Jan 032014
 

chariot-romanDear Unknown Friend

Like the preceding Arcana, The Arcanum ‘The Chariot’ has a twofold aspect. It represents, from one side, he who – having triumped over the three temptations – remains faithful to the vows of obedience, poverty and chastity; and it represents, from another side, the danger of the fourth temptation, which is the most subtle and intimate temptation, and is the invisible synthesis of the three temptations: the spiritual temptation of the victorious through his victory itself. It is the temptation to act ‘in one’s own name’, to act as master instead of as servant….

When you resist a temptation or renounce something desired below, you set in motion by this very fact forces of realisation of that which corresponds above to that which you came to renounce below. It is this that the Master designates by the word ‘reward’ when he says, for example, that it is necessary to guard against practising righteousness before other people in order to gain their regard, ‘for then you will have no reward from your Father who is in heaven’. (Matthew, vi, 1). Reward is therefore the action that one sets in motion above by the renunciation of desire for things below. It is the ‘yes’ from above corresponding to the ‘no’ from below. And this correspondence constitutes a basis for magical realisation and for the fundamental law of Christian Hermeticism. Let us guard ourselves from taking it lightly, for here is given to us one of the principle keys of sacred magic. It is not desire which bears magical realisation, but rather the renunciation of desire (that you have formerly experienced, of course). For renunciation through indifference has no moral – and therefore no magical – value.
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The charioteer of the Arcanum is the victor over trials, ie, the temptations, and if he is a master, then it is thanks to himself He is alone, standing in his chariot; no one is present to applaud him or to pay homage to him; he has no weapons….The victory achieved in solitude….what glory and what danger it comprises at one and the same time! It is the only real glory, for it in no way depends on human favour and judgement;it is intrinsic glory – the real radiance of the aura becoming luminous. It is, however, at the same time the most real and the most serious spiritual danger which exists. ‘Pride’ and ‘vaingloriousness’, the traditional names which one gives to it, do not suffice to characterise it in an adequate way. It is more than this. It is, rather, a kind of mystical megalomania, where one deifies the regulating centre of one’s own being, one’s ego, and where one sees the divine only within oneself and becomes blind to the divine above and outside oneself. The ‘higher Self’ is then experienced as the supreme and it is far from the supreme and unique being….far from being God, in other words.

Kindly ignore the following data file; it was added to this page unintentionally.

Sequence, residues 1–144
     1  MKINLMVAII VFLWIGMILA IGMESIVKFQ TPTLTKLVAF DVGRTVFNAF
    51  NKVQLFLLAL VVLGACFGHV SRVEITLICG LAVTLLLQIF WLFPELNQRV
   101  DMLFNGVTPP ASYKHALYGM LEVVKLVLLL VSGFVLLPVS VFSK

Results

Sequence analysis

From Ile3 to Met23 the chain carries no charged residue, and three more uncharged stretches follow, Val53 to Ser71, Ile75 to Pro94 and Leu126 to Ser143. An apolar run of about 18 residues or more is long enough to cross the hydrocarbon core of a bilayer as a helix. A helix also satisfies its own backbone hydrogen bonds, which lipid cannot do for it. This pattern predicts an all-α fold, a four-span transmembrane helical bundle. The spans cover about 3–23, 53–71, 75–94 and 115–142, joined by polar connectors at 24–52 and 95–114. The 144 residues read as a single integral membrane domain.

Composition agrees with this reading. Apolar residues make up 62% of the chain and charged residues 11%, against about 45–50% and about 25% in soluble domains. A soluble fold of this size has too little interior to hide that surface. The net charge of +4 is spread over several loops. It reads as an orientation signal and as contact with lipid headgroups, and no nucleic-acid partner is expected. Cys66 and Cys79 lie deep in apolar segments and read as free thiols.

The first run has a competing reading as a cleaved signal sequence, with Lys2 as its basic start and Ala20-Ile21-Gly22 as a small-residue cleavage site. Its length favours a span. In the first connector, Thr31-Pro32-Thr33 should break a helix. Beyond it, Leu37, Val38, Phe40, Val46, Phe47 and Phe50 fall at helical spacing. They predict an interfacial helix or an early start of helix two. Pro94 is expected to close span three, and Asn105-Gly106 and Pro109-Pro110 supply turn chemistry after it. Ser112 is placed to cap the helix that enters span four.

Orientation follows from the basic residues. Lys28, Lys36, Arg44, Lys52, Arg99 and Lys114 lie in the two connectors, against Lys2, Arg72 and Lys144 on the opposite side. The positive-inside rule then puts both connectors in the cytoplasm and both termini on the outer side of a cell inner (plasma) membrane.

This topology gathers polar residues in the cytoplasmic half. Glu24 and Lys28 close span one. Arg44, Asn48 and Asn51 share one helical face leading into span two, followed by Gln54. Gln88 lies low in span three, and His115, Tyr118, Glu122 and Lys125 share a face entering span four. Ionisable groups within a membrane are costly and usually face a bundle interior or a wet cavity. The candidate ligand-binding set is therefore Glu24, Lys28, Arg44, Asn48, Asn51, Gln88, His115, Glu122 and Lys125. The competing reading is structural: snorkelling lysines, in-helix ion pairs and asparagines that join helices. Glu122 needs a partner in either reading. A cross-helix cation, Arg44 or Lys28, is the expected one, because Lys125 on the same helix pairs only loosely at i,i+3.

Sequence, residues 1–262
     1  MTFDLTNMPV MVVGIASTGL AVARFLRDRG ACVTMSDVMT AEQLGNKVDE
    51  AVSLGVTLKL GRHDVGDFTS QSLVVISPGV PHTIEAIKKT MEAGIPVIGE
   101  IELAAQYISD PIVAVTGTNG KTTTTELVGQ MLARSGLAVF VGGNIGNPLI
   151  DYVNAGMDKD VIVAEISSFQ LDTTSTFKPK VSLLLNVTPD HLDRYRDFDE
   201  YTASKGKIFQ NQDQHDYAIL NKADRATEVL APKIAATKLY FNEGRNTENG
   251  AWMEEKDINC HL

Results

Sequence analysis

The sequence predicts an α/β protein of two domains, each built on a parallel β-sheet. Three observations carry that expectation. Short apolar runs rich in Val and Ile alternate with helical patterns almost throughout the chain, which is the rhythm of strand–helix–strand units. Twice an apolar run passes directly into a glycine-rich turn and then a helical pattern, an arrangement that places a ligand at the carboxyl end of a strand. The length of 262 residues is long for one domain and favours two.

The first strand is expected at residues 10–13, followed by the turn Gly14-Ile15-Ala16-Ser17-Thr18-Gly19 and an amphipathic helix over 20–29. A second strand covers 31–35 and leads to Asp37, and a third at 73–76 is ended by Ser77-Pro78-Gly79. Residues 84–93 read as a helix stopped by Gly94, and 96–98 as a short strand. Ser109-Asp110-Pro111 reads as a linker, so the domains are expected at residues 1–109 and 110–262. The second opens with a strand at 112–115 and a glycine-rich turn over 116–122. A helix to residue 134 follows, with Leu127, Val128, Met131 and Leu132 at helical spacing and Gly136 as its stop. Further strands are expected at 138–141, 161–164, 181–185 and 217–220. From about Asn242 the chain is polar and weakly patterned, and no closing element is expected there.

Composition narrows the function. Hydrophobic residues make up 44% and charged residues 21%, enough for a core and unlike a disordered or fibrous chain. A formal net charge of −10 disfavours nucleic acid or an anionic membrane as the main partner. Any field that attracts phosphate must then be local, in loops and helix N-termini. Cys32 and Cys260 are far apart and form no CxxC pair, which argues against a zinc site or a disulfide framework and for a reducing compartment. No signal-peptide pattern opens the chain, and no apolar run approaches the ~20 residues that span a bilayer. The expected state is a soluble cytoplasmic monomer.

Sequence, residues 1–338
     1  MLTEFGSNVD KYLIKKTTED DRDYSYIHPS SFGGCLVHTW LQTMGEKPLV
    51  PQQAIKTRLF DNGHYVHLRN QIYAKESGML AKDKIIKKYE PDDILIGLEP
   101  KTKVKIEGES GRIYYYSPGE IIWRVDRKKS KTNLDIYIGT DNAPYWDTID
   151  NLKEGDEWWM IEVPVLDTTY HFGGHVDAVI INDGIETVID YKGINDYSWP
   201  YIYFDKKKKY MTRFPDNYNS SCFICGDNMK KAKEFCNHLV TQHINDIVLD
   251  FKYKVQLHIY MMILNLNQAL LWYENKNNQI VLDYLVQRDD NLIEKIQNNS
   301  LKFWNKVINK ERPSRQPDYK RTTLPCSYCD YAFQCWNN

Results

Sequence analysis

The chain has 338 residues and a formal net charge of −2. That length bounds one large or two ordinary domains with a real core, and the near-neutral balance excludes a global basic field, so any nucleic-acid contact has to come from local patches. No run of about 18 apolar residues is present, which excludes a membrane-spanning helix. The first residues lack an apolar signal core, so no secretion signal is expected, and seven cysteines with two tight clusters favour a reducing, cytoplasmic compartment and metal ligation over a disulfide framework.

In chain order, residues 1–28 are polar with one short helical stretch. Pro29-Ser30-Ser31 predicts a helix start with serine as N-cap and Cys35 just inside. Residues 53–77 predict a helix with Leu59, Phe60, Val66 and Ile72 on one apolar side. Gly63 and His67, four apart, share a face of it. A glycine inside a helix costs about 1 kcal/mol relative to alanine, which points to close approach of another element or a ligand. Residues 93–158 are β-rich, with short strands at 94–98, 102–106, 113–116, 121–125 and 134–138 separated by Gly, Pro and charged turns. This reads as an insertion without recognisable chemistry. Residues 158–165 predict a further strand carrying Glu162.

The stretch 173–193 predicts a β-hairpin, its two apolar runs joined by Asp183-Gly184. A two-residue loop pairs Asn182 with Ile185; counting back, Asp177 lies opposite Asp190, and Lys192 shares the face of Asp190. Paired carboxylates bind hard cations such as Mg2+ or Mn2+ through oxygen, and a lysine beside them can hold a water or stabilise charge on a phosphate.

It would be as well, now, to dwell on the problem of identification of the self with the higher Self and of the higher Self with God.

C.G. Jung who, having explored the sexual or ‘Freudian’ layer, and then that of the will-to-power or the ‘Adlerian’ layer, of the unconscious (ie, latent or occult consciousness) of the human being, encountered a spiritual (mystical, gnostic and magical) layer during the course of his clinical and psychotherapeutic experience. Instead of drawing back from it or extricating himself from it through a corrosive ‘explanation’, he had the courage and honest to set himself to the laborious study of the phenomenology of this layer of the unconscious. Now, this work proved fruitful. Jung discovered here not only the causes of certain psychic disorders, but also the profound and intimate process that he designated as the ‘process of individuation’, which is nothing other than the gradual birth of another self (Jung called it the ‘Self’) higher to oneself or one’s ordinary ego. The discover of the process of the ‘second birth’ prompted him to extend the range of his exploratory work considerably notably to include symbolism, mystery rituals and the comparative study of contemporary and ancient religions.

Now, this broadening of his field of exploration also proved fruitful. Jung’s arrival at his discovery (which at first racked him, preventing him from speaking of it to a living soul for fifteen years) had its train of consequences, including the knowledge and description of some dangers or temptations belonging to the way of initiation and the process of individuation which corresponds to it, One of these dangers – which are at the same time trials or temptations – is that which Jung designated by the term ‘inflation’, which signifies the state of consciousness of the self inflated to excess, and which is known in psychiatry in its extreme manifestation by the term ‘megalomania’.

Meditations on the Tarot, Letter VII, The Chariot

Dec 262013
 

sunthroughcloudsThe true Master is felt; He is not seen.
When He who was unseen is seen, He disappears.
Then the Spiritual Presences are gathered into the
unity; they know not one another, but they are the
One Self.
In that darkness there is but One.